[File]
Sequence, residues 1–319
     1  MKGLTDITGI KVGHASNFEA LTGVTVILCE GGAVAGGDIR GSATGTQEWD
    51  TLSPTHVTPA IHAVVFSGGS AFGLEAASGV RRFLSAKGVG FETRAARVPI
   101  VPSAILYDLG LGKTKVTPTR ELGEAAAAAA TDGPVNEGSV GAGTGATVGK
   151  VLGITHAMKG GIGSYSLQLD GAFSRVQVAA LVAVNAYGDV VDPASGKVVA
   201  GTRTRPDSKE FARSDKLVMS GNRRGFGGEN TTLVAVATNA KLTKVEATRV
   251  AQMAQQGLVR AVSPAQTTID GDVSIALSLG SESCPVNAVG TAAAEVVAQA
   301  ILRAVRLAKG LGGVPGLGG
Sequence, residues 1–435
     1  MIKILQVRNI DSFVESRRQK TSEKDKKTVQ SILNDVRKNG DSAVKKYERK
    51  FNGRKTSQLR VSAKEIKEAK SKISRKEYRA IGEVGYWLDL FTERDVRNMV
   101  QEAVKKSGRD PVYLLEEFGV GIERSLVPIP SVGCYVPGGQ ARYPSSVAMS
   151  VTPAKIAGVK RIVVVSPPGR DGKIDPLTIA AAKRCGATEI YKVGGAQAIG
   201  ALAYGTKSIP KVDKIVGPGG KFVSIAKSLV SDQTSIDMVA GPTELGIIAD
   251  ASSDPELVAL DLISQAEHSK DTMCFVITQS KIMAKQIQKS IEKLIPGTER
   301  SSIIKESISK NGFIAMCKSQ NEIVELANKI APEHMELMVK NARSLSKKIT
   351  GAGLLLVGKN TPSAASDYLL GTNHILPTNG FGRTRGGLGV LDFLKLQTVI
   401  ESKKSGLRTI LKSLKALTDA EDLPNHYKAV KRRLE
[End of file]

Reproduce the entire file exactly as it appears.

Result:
Sequence, residues 1–319
     1  MKGLTDITGI KVGHASNFEA LTGVTVILCE GGAVAGGDIR GSATGTQEWD
    51  TLSPTHVTPA IHAVVFSGGS AFGLEAASGV RRFLSAKGVG FETRAARVPI
   101  VPSAILYDLG LGKTKVTPTR ELGEAAAAAA TDGPVNEGSV GAGTGATVGK
   151  VLGITHAMKG GIGSYSLQLD GAFSRVQVAA LVAVNAYGDV VDPASGKVVA
   201  GTRTRPDSKE FARSDKLVMS GNRRGFGGEN TTLVAVATNA KLTKVEATRV
   251  AQMAQQGLVR AVSPAQTTID GDVSIALSLG SESCPVNAVG TAAAEVVAQA
   301  ILRAVRLAKG LGGVPGLGG
Sequence, residues 1–435
     1  MIKILQVRNI DSFVESRRQK TSEKDKKTVQ SILNDVRKNG DSAVKKYERK
    51  FNGRKTSQLR VSAKEIKEAK SKISRKEYRA IGEVGYWLDL FTERDVRNMV
   101  QEAVKKSGRD PVYLLEEFGV GIERSLVPIP SVGCYVPGGQ ARYPSSVAMS
   151  VTPAKIAGVK RIVVVSPPGR DGKIDPLTIA AAKRCGATEI YKVGGAQAIG
   201  ALAYGTKSIP KVDKIVGPGG KFVSIAKSLV SDQTSIDMVA GPTELGIIAD
   251  ASSDPELVAL DLISQAEHSK DTMCFVITQS KIMAKQIQKS IEKLIPGTER
   301  SSIIKESISK NGFIAMCKSQ NEIVELANKI APEHMELMVK NARSLSKKIT
   351  GAGLLLVGKN TPSAASDYLL GTNHILPTNG FGRTRGGLGV LDFLKLQTVI
   401  ESKKSGLRTI LKSLKALTDA EDLPNHYKAV KRRLE